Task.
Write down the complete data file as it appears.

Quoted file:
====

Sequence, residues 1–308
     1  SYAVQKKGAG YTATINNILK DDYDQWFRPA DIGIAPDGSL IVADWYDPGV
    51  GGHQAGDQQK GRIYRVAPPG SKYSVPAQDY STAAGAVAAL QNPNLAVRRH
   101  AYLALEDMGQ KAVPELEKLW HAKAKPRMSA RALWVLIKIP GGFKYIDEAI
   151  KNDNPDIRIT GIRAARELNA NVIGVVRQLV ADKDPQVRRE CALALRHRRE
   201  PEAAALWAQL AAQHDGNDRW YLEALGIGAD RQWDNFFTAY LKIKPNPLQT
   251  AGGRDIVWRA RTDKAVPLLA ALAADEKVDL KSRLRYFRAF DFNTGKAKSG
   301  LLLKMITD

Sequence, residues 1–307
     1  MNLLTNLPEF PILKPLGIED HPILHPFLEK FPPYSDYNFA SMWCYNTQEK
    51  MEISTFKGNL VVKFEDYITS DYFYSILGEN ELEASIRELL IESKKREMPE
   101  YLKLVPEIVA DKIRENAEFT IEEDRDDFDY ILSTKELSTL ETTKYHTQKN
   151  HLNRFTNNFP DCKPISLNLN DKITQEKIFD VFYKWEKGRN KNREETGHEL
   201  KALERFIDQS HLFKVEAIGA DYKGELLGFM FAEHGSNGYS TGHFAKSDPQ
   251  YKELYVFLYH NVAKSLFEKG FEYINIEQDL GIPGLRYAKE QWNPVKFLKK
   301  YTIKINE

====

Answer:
Sequence, residues 1–308
     1  SYAVQKKGAG YTATINNILK DDYDQWFRPA DIGIAPDGSL IVADWYDPGV
    51  GGHQAGDQQK GRIYRVAPPG SKYSVPAQDY STAAGAVAAL QNPNLAVRRH
   101  AYLALEDMGQ KAVPELEKLW HAKAKPRMSA RALWVLIKIP GGFKYIDEAI
   151  KNDNPDIRIT GIRAARELNA NVIGVVRQLV ADKDPQVRRE CALALRHRRE
   201  PEAAALWAQL AAQHDGNDRW YLEALGIGAD RQWDNFFTAY LKIKPNPLQT
   251  AGGRDIVWRA RTDKAVPLLA ALAADEKVDL KSRLRYFRAF DFNTGKAKSG
   301  LLLKMITD

Sequence, residues 1–307
     1  MNLLTNLPEF PILKPLGIED HPILHPFLEK FPPYSDYNFA SMWCYNTQEK
    51  MEISTFKGNL VVKFEDYITS DYFYSILGEN ELEASIRELL IESKKREMPE
   101  YLKLVPEIVA DKIRENAEFT IEEDRDDFDY ILSTKELSTL ETTKYHTQKN
   151  HLNRFTNNFP DCKPISLNLN DKITQEKIFD VFYKWEKGRN KNREETGHEL
   201  KALERFIDQS HLFKVEAIGA DYKGELLGFM FAEHGSNGYS TGHFAKSDPQ
   251  YKELYVFLYH NVAKSLFEKG FEYINIEQDL GIPGLRYAKE QWNPVKFLKK
   301  YTIKINE